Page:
Local leaders: Don’t assume campus BDS activism linked to anti-Semitism

By David Baugher, Special to the Jewish Light

St. Louis Jewish community leaders said that they had not seen an increase in anti-Semitism or difficulties for Jewish college students. Some noted that, while they disagreed with the Boycott Divestment and Sanctions (BDS) movement, it is sometimes hard to draw a direct line between BDS activism and anti-Semitic behavior on campus. 

Karen Aroesty, head of the Anti-Defamation League of Missouri/Southern Illinois, said it was vital to condemn any view that delegitimizes the State of Israel or questioned its right to exist. However, she also cautioned against a purely defensive mindset.

“What we need to do is prepare our young students to have the confidence and the tools to respond when something does happen but not to necessarily be anxious that something, in fact, will happen,” she said.

ADVERTISEMENT

Aroesty said she had not heard of any specific anti-Semitic incidents at area campuses recently. She noted there had been some controversy at University of Missouri-Columbia of late over an upcoming course on Zionism as well as a recent instance of graffiti. She said it was still unclear whether the vandalism was intended to be anti-Semitic or what the content of the course would be, but the ADL was keeping an eye on both situations.

In any event, Aroesty said that it would be an oversimplification to automatically link anti-Jewish sentiment to BDS activism.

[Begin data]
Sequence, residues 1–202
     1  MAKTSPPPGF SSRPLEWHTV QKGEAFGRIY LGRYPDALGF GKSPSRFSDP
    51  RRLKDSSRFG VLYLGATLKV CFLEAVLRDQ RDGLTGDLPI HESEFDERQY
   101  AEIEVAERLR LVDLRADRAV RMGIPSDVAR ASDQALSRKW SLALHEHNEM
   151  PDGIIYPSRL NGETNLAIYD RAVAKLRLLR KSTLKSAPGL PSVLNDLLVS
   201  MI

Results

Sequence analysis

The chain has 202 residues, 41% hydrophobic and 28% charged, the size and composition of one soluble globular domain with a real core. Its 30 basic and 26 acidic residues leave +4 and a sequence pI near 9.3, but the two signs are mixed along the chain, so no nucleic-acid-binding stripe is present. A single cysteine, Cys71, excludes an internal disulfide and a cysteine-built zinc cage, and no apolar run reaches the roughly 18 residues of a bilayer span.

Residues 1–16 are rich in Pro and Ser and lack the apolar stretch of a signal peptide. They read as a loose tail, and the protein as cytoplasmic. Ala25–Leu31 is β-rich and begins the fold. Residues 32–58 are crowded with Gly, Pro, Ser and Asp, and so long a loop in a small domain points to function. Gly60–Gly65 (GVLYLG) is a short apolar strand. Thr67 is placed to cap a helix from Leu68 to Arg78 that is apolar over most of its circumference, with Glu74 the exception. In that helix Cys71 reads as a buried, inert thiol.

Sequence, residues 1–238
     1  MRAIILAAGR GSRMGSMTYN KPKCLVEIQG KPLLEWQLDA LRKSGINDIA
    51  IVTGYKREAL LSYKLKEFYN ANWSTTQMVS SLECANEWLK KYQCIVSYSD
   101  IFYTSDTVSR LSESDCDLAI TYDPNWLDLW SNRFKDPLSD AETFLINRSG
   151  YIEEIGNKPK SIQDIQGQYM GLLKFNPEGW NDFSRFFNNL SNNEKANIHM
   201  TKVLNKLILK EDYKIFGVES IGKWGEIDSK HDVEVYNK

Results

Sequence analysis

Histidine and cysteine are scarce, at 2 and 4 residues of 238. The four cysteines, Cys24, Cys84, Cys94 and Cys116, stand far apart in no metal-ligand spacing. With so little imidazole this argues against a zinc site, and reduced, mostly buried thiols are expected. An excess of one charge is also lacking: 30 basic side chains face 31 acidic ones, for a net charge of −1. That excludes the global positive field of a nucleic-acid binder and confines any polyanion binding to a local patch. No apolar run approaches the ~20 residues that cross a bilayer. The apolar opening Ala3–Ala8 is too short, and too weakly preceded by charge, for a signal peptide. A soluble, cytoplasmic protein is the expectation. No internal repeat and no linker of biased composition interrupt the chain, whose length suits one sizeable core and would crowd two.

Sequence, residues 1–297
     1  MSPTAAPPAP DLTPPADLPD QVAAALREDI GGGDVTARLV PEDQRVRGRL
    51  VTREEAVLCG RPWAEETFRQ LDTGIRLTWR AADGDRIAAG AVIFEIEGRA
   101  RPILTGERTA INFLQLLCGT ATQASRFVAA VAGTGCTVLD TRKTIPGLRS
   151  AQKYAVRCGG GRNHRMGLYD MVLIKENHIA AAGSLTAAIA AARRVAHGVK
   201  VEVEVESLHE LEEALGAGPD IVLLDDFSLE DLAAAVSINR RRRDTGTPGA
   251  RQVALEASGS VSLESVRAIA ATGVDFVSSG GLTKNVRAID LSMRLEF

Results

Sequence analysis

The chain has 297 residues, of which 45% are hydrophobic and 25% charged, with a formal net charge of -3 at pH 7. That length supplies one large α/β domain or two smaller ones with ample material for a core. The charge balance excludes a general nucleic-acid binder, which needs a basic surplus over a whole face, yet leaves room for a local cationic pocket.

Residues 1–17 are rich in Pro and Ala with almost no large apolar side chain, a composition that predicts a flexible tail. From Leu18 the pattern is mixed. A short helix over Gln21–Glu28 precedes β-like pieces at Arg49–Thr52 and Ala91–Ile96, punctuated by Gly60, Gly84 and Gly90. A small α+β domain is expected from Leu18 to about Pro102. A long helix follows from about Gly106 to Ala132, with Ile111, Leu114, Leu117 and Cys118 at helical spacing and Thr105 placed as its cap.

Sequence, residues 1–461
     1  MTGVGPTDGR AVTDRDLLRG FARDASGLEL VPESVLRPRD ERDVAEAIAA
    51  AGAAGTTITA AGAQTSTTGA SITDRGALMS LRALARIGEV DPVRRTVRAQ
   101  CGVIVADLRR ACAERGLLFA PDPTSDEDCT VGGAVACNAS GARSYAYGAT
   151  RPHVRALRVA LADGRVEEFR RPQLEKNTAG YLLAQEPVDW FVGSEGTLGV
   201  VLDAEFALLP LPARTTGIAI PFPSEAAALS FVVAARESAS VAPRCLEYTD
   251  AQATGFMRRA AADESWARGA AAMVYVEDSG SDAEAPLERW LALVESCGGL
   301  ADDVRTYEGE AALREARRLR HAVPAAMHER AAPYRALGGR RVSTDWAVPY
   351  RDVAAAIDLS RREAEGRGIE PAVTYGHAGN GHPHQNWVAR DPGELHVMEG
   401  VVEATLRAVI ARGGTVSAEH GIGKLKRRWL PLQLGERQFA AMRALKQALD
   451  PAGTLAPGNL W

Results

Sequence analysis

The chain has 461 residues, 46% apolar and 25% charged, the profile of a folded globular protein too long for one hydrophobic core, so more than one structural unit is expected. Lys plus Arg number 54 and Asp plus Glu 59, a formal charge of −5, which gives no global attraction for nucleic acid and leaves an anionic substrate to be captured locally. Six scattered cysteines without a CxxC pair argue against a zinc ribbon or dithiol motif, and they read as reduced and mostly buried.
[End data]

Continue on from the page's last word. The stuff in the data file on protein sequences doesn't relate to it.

“The problem with all this is that it happens in this atmosphere where everybody wants to create a nice, neat little package that, yes, it is all because of the BDS movement,” she said. “Do we know that students experience [problems] every once in a while? Absolutely they do. But is it really part of some concerted campaign on the part of local BDS activists here to create controversy on campus? I just can’t say that I know that.”

Rabbi Hershey Novack of Chabad on Campus said he hadn’t seen any general uptick in anti-Semitic or anti-Israel feeling locally. He said Washington University, where Chabad is very active, is a model for students dealing with one another with “respect and decorum.”

“The administrations across the various universities and colleges of St. Louis and those on the other side of the river have been consistently positive in recognizing the perils of BDS and supportive of open academic exchange with Israel scholars and universities,” he said.

He also noted that the BDS movement, whatever its dangers, wasn’t necessarily the central hurdle the Jewish community needs to overcome in terms of building a base for support of Israel.

“Apathy and disinterest are our great challenges,” he said. “As we work to solve these, support for Israel falls into its appropriate positive place.”

Batya Abramson-Goldstein, executive director of the St. Louis Jewish Community Relations Council, said that, like Novack and Aroesty, she was worried over demonization of the Jewish State.  

“We are concerned about any activities where the goal is the delegitimization of Israel and questioning its right to exist,” she said.

However she said that while the BDS movement was sometimes used as a vehicle for anti-Semitism, it was problematic to assume that everyone associated with it sympathized with such a view.

“There are those whose motivation is anti-Semitic. There are those whose motivation is anti-Israel. There are those whose motivation is neither,” she said. “I might disagree with the approach but I think we have to be careful about making a blanket assertion as to the motivation.”